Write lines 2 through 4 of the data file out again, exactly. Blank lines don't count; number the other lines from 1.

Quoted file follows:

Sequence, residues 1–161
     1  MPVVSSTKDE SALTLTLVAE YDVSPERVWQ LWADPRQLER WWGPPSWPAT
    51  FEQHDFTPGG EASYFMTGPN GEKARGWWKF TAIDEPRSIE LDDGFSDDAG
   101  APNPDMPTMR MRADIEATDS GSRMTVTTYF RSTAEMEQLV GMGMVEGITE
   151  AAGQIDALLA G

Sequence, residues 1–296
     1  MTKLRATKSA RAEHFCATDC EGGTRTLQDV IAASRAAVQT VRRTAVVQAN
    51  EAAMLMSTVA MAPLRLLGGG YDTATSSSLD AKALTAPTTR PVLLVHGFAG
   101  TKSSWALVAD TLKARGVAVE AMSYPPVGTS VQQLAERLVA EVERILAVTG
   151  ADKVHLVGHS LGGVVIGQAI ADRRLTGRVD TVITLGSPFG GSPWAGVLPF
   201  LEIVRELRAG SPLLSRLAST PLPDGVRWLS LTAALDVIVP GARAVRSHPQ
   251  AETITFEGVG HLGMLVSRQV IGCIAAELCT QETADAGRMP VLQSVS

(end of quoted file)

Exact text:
     1  MPVVSSTKDE SALTLTLVAE YDVSPERVWQ LWADPRQLER WWGPPSWPAT
    51  FEQHDFTPGG EASYFMTGPN GEKARGWWKF TAIDEPRSIE LDDGFSDDAG
   101  APNPDMPTMR MRADIEATDS GSRMTVTTYF RSTAEMEQLV GMGMVEGITE